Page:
DEWs are of increasing concern given their low operational cost per shot, their use of shots that travel much faster than those from conventional weapons and are unaffected by gravity, and their ability to launch silent and invisible attacks. Additionally, radio frequency attacks, in particular from high-powered microwaves, can be hard to attribute. While DEWs would not replace conventional weapons, they could – and to some extent already can – complement existing capabilities.
Yet, DEWs are not without their operational limitations. Taking high-power lasers as an example, their effect on a target, unlike that of conventional weapons, is not instantaneous but rather cumulative – several seconds are needed before damage is done. Weather, such as rain or clouds, can also impact the effectiveness of lasers. Finally, the target needs to be visible for the laser to be effective. With regards to radio-frequency systems, their optimal use also depends on certain weather conditions. Microwaves or millimetre waves are also prone to more dispersion than lasers and therefore, unlike lasers, are not able to send a directed beam, and the waves can be hampered by conductive material.
Does anything need to be done about directed energy weapons?
A range of countries are known to already possess or be developing DEWs, and some are even using such weapons in the field. For example, the United States recently released a call to develop a next-generation high-power laser and has deployed microwave technology. China and Russia are known to have developed mobile laser systems, and Israel has tested an airborne laser system.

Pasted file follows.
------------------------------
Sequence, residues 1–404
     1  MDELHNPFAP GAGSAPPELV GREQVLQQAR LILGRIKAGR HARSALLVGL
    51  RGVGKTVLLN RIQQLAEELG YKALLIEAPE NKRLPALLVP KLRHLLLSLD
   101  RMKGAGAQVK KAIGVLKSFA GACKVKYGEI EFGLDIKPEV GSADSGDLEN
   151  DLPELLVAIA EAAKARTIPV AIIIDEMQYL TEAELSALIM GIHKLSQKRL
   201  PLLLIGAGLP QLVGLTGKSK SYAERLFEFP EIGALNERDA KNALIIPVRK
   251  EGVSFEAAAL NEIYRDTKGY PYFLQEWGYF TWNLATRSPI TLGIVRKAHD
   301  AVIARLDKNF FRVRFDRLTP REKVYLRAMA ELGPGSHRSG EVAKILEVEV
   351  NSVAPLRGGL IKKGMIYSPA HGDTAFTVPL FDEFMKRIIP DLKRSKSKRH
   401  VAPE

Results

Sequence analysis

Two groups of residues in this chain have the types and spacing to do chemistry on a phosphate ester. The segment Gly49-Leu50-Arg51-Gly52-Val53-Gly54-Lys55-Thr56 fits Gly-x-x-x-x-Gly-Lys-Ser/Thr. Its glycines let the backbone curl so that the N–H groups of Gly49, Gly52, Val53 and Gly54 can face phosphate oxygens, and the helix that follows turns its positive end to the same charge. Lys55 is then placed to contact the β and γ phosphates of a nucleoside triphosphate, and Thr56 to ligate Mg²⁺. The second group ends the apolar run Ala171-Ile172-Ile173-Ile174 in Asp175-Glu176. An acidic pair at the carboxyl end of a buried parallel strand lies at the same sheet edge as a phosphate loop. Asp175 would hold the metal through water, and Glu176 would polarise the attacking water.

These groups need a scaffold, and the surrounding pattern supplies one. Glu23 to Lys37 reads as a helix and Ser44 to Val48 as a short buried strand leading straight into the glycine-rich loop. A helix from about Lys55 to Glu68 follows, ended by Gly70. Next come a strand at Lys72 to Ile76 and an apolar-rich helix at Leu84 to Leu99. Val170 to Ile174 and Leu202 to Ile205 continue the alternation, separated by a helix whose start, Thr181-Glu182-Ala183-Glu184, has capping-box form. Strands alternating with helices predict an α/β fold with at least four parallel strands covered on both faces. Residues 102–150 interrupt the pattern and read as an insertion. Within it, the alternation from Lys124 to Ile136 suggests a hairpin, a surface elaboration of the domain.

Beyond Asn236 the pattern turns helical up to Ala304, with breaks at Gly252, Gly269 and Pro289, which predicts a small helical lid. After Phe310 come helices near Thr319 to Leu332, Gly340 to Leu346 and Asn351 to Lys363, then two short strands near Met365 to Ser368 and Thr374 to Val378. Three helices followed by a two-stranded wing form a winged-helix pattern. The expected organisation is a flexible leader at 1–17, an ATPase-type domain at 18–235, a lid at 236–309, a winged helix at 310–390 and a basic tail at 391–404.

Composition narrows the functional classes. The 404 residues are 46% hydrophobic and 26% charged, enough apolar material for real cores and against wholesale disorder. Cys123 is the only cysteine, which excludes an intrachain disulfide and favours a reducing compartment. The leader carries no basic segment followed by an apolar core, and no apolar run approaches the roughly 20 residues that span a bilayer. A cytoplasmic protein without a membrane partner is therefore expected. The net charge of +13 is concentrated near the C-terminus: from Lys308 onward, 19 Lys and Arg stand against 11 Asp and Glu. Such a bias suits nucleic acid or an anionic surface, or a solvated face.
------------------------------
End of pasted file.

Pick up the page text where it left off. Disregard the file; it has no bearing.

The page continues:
One type of DEW, namely blinding weapons, has been banned as a means or method of warfare since the 1995 Protocol on Blinding Laser Weapons, under the Convention on Prohibitions or Restrictions on the Use of Certain Conventional Weapons (CCW). This protocol aims to avoid the “unnecessary suffering or superfluous injury” caused by lasers which could cause blindness.
Yet, this protocol is primarily focused on the humanitarian implications of one type of effect caused by lasers. To date, there has not been any further structured debate on DEWs more broadly, neither with respect to humanitarian law beyond blinding lasers nor on their impact on wider international security. This is despite certain radio frequency systems already being used and laser weapons nearing operationalisation. Given the increase in development and use of these different weapon systems, a closer examination of these systems in a multilateral setting may be timely. This could for example take place during domain-specific discussions such as the open-ended working group on reducing space threats, to better understand what these systems mean for international security, to examine the consequences of their misuse, and to put in place adequate measures in response to the risks these weapon systems could present.
Sarah Grand-Clément is a researcher working across our programmes on Conventional Arms and on Security and Technology. Her areas of expertise include international security, counter-terrorism, futures methodologies, and how new and emerging tech impacts on defence and security.